1937[edit]

  • Brazilian president Getúlio Vargas, governing democratically since 1934, launches a self-coup and becomes the Dictator of Brazilian Estado Novo ("New State").

1938[edit]

  • Vargas forces detected the attempted Integralista coup in Brazil. Vargas and guards shoot it out with insurgents at the Guanabara Palace.

1939[edit]

1940–1949[edit]

1940[edit]

1941[edit]

1942[edit]

  • French resistance coup in Algiers, by which 400 Civil French patriots neutralized Vichyst XIXth Army Corps in Algiers during 15 hours, arrested vichyst generals (Juin, Darlan, etc.), and so allowed the immediate success of Operation Torch.

1943[edit]

1944[edit]

The conference room where Hitler survived the 20 July plot of 1944 after the explosion.

1945[edit]

1947[edit]

1948[edit]

1949[edit]

1950–1959[edit]

1951[edit]

1952[edit]

1953[edit]

1954[edit]

1955[edit]

1956[edit]

1957[edit]

1958[edit]

1959[edit]

  • Air Force military hijack a civil airplane and attempt a coup against Juscelino Kubitschek, in Brazil.

1960–1969[edit]

1960[edit]

1961[edit]

1962[edit]

1963[edit]

1964[edit]

1965[edit]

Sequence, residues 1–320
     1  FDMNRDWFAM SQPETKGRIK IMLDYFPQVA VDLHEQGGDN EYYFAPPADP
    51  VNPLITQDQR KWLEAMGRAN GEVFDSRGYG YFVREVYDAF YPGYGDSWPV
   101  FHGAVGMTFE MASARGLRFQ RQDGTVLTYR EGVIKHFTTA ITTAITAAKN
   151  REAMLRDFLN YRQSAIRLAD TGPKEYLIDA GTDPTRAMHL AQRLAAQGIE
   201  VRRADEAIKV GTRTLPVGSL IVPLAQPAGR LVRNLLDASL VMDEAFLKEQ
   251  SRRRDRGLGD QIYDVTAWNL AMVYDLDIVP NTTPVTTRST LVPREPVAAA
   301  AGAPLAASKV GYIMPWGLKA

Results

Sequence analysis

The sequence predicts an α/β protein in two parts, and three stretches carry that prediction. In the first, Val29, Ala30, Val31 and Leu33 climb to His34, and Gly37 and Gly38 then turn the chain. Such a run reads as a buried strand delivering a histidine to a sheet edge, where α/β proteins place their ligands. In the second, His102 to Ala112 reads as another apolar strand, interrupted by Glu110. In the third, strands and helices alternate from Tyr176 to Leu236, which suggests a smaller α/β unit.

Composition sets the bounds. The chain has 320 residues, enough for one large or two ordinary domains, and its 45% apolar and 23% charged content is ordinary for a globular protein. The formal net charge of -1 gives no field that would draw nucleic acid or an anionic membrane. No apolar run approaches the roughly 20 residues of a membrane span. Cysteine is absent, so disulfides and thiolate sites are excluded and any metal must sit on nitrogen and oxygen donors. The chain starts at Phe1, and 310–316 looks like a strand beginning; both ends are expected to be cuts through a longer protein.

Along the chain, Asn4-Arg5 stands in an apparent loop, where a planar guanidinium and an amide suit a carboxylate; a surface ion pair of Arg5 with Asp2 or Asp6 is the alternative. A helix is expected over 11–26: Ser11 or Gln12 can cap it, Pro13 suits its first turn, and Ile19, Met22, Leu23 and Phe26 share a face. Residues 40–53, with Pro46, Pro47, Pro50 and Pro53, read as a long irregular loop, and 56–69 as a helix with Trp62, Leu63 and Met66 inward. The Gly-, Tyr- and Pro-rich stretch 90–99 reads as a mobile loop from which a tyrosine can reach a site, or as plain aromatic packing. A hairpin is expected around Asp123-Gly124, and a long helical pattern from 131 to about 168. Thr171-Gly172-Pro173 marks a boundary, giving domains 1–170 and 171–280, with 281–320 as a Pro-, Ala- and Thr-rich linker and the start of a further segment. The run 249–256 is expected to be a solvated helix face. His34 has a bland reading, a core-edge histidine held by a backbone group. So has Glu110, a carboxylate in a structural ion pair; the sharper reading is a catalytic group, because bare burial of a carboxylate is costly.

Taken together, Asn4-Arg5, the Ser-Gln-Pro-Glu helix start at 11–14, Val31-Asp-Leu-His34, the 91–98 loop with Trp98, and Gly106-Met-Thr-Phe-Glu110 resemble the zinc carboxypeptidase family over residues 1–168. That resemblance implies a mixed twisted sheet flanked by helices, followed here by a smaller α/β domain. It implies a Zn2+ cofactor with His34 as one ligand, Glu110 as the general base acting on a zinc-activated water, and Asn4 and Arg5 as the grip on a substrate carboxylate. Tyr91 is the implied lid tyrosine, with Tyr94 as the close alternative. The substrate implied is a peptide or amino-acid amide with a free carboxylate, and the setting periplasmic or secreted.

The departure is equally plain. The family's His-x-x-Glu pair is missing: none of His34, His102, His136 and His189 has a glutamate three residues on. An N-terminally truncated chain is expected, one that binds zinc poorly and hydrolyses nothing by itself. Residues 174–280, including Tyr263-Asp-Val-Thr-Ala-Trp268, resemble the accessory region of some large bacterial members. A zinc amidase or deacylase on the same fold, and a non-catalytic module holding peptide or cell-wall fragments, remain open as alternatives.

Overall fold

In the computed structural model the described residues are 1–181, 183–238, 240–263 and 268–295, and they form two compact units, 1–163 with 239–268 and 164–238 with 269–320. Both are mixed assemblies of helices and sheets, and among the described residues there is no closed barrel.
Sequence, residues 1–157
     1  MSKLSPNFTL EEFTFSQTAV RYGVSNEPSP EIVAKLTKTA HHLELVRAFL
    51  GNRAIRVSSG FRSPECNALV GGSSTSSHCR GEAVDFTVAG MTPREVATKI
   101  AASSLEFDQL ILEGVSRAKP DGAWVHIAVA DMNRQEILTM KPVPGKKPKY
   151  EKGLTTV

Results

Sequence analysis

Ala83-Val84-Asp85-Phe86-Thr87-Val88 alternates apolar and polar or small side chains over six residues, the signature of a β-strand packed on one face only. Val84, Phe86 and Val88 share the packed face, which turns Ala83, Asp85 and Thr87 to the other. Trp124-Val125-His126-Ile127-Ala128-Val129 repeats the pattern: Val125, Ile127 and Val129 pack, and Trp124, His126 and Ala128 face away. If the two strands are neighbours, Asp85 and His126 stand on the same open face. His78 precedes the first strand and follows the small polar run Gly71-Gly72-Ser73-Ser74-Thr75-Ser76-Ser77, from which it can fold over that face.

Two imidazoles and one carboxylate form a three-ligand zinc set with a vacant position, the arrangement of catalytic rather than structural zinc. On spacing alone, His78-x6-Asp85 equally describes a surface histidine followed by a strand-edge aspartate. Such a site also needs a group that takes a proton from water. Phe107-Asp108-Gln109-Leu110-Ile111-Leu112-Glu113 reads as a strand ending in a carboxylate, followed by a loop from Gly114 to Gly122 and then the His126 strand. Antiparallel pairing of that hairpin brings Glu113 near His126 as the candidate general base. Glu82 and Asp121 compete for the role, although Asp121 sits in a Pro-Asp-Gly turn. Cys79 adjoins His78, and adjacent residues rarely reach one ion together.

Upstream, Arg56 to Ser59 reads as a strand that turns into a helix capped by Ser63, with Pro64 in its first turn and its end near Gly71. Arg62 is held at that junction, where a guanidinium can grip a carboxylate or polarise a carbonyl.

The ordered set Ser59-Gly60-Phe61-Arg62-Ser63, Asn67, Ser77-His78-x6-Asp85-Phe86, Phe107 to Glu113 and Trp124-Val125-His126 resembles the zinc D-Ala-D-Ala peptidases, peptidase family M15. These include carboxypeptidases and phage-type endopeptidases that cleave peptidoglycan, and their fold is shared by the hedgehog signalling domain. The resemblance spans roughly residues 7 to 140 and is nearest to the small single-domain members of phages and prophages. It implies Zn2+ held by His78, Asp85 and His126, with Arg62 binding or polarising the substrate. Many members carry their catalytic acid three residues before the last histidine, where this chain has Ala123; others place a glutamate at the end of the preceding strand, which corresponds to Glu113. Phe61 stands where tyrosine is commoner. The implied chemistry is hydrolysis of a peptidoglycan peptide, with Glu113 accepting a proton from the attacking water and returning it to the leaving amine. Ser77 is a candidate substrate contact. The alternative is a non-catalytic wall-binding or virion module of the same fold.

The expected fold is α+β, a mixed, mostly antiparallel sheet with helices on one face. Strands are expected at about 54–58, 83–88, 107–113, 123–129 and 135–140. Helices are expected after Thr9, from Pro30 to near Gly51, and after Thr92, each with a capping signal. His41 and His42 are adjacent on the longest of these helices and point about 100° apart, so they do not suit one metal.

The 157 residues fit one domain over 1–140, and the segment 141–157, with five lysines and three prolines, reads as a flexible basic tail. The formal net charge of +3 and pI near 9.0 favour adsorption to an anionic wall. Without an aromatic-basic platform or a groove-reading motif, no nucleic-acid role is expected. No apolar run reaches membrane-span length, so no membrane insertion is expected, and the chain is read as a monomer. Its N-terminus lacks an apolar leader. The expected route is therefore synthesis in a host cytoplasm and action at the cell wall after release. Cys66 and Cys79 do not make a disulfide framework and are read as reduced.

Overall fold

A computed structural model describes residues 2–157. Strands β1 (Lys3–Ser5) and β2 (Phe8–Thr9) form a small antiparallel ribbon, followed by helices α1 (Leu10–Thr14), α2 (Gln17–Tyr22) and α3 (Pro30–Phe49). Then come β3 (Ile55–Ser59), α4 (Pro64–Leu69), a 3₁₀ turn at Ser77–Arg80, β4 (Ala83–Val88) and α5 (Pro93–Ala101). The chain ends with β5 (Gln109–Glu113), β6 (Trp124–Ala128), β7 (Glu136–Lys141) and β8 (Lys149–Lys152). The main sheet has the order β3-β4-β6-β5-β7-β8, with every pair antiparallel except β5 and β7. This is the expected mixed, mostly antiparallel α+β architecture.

1966[edit]

1967[edit]

1968[edit]

1969[edit]

1970–1979[edit]

1970[edit]

1971[edit]

1972[edit]

1973[edit]

1974[edit]

1975[edit]

1976[edit]

1977[edit]

  • Military coup in Pakistan. Army Chief Gen. Muhammad Zia-ul-Haq overthrows the civilian government and hangs Prime Minister Zulfiqar Ali Bhutto in 1979 after a sham trial.
  • 21 Failed coup is occurred during the time of General Ziaur Rahman in Bangladesh. General Ziaur Rahman killed 2500 soldiers and officer (Army, Air Force, Navy) for these failed coups.

1978[edit]

1979[edit]

1980–1989[edit]

1980[edit]

1981[edit]

1982[edit]

1983[edit]

1984[edit]

1985[edit]

1986[edit]

1987[edit]

1988[edit]

1989[edit]

1990–1999[edit]

1990[edit]

1991[edit]

1992[edit]

1993[edit]

1994[edit]

1995[edit]

1996[edit]

1997[edit]

  • Military-backed indirect coup in Turkey. It was named a "postmodern coup" by one of the top-ranking generals. Although the parliament was not dissolved, the military pressure resulted in the Prime Minister's resignation.

1998[edit]

  • In Albania, the funeral of Azem Hajdari turns violent as the Prime Minister's Office is attacked, obliging Fatos Nano to hastily flee and step down shortly after. His party remains in power.

1999[edit]